In fact, students who had come to this class have an 85% increase in their training success at our diabetic alert 101 and service dog training classes vs. students who have entered our service dog training or alert classes without it! It was time to make such valuable information not just available to potential students, but accessible on their own time, and in the comfort of their own homes.
For anyone who is considering getting a service dog, but doesn’t know where to begin Super Puppy: Service Dog – Life Partner, Life-Changer, Life-Saver How to Find the Right Dog for Service Work is the number one step to take. If you ever wondered if it was a better idea to spend the time and money training your own service or medical alert dog or spend $15,000 – $25,000 for an already trained service dog; if you wondered how much time and effort it will take to train a successful service dog, then here is professional, Washington state-certified, positive reinforcement dog trainer, and the Pacific Northwest’s foremost leader in medical alert dog training Mary McNeight’s free professional advice!
Our new free ebook covers where to find a dog suitable for service work, what kind of behavior, obedience or pet puppy dog training is required, and even what kind of dog to get.
Chapter 1: Train your Own Vs. Buying an Already Trained Dog
Chapter 2: Success Rides on the Dog, and YOU
Chapter 3: What am I Looking for in a Service Dog Candidate?
Chapter 4: The Importance of Temperament Testing
Chapter 5: Where To Find Your Service Dog Candidate
It’s not just for service dogs, too. While this is the culmination of McNeight’s eight years of experience training her own and training other dogs for service work in medical alert, service dog access and task training, the ebook covers the importance of temperament testing in puppies and adult dogs, and also the importance of socialization for puppies, too! Here at Service Dog Academy, we cannot stress enough the importance of socialization – it can mean the difference between a dog with a long, happy life with a loving family, or having behavior problems that may never be fully remedied.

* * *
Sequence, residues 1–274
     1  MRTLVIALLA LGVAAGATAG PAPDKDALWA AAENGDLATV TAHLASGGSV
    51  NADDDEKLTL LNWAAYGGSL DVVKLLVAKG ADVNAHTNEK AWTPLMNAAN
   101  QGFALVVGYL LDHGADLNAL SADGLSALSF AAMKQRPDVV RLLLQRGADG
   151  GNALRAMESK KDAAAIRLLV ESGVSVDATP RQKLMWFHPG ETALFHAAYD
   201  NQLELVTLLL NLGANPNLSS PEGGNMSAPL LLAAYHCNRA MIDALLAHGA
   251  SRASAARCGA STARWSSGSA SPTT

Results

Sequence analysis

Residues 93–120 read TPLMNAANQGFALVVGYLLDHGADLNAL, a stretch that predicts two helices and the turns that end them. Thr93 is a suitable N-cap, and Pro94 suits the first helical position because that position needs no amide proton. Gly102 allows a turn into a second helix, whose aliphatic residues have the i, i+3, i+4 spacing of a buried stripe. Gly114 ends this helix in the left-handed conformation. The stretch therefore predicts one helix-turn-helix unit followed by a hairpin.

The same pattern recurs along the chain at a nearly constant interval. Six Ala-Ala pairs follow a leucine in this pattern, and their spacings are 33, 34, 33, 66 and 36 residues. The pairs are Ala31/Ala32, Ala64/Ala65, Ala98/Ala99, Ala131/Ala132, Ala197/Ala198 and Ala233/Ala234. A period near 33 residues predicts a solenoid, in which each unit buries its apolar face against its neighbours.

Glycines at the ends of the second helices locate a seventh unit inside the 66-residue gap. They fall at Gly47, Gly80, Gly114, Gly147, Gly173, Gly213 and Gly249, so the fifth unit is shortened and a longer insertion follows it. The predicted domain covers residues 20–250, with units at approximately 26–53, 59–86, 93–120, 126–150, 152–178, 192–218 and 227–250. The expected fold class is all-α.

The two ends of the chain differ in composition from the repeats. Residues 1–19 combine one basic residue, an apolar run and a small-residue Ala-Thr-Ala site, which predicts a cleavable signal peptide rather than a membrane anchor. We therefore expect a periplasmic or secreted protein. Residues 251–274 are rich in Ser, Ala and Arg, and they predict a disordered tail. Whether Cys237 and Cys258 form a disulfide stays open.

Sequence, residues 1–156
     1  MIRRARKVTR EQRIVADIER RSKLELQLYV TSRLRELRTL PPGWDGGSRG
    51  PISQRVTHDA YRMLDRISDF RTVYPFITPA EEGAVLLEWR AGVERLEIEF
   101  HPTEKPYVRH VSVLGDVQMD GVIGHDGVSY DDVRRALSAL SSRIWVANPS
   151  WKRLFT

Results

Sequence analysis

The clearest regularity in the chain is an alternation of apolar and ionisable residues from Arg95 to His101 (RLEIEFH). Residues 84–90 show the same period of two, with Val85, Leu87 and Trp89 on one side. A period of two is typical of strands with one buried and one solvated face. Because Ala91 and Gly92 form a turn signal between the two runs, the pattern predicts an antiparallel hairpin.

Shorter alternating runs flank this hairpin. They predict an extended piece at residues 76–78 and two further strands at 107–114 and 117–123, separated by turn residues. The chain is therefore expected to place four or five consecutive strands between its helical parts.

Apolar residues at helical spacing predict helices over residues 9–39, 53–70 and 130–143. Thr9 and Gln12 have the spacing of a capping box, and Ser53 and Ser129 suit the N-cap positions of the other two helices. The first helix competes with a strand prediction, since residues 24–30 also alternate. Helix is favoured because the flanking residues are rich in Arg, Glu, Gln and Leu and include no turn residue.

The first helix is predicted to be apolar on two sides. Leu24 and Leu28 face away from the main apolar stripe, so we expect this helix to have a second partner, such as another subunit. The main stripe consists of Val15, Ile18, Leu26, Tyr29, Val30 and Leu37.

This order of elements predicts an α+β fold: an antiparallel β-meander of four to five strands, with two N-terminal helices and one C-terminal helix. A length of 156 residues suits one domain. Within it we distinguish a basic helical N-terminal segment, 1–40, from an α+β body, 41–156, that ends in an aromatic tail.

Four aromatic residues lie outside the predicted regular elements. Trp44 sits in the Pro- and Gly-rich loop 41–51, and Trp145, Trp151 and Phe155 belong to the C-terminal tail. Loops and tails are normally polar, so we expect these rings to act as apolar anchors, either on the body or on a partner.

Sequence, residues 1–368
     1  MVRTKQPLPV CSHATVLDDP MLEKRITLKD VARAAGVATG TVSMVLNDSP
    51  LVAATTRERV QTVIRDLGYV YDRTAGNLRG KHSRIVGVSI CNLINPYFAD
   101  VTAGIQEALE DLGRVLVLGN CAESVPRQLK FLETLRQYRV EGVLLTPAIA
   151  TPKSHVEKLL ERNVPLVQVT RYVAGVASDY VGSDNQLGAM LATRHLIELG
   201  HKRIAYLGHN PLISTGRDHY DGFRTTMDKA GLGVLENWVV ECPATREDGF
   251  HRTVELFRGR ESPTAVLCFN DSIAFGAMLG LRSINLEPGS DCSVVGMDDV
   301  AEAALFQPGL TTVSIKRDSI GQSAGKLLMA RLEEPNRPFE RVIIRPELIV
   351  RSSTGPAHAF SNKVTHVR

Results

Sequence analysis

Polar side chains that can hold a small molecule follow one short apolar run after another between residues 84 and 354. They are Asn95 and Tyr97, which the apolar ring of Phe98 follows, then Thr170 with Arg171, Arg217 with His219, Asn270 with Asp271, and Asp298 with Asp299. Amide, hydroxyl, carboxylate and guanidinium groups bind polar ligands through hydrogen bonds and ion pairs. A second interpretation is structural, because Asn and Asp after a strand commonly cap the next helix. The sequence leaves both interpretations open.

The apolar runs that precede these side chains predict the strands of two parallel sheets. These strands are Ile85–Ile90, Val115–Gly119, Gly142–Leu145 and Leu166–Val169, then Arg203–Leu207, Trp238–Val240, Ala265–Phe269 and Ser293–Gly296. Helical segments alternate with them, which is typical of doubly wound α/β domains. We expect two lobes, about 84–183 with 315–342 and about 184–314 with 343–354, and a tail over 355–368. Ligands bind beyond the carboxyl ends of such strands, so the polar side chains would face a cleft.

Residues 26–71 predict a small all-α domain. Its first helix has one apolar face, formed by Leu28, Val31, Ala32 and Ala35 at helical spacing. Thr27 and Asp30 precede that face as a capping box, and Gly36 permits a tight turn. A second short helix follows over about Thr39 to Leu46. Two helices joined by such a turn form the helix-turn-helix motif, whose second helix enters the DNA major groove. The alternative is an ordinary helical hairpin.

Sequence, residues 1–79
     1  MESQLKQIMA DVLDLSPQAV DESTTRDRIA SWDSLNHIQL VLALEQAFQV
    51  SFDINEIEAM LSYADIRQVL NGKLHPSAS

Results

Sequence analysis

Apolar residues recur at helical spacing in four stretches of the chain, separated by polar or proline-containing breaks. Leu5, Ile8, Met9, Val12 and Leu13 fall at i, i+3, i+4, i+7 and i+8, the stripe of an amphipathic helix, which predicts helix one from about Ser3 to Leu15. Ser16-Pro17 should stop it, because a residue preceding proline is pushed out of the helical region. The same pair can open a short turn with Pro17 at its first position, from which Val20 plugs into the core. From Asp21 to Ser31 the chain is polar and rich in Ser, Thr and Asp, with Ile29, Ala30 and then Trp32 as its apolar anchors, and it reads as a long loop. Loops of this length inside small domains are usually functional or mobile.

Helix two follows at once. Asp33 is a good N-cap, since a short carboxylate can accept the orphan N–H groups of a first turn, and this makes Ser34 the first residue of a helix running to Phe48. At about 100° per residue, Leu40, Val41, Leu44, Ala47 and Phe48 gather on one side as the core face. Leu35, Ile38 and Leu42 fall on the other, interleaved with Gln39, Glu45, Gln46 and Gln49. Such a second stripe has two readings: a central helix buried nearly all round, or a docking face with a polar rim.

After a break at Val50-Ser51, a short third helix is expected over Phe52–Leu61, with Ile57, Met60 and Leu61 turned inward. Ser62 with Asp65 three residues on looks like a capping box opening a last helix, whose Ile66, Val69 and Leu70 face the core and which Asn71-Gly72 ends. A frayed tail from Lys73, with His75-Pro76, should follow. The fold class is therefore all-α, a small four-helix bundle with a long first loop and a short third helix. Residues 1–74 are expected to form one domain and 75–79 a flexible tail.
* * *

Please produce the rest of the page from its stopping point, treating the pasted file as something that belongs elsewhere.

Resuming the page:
No more excuses, and no more wondering how to get started. If your doctor recommends the use of a service dog, for mobility or to respond to a psychiatric issue, or you need a companion to alert you before a debilitating seizure or blood sugar crash because you have type 1 or type 2 diabetes, or even hypoglycemia, then we want to set you up for success whether you decide to buy an already trained dog, or decide to train your own through our groundbreaking American Diabetes Association recognized diabetic alert dog and medical alert dog program.
You can download part one of the two free ebooks that will help you choose a diabetic or medical alert dog candidate here. Stay tuned for the second free ebook which will cover service dog lifestyle! Don’t forget, feel free to share it with anyone about to embark on getting a service dog or just interested parties. All we ask is that you give the authors some credit, and link back to us! We would also appreciate a blog post from your website commenting on the content you found useful in the ebook.
Set up your pet puppy’s personality for the rest of his life using service dog training techniques! In this photo above, Cooper, a service dog in training, meets kids at the Target toy aisle.
A trip to the mall turned into a teachable moment when two excitable toddlers came up to Liame Mary McNeight’s service dog, while he was waiting patiently by her side at a checkout counter. The well-behaved, well-socialized Liame stayed lying down, tolerating more than two minutes of petting, tail pulling, squealing, kisses on his body and muzzle, and pats from tiny hands. Liame demonstrated how crucial early socialization is to be a well-mannered dog in any situation.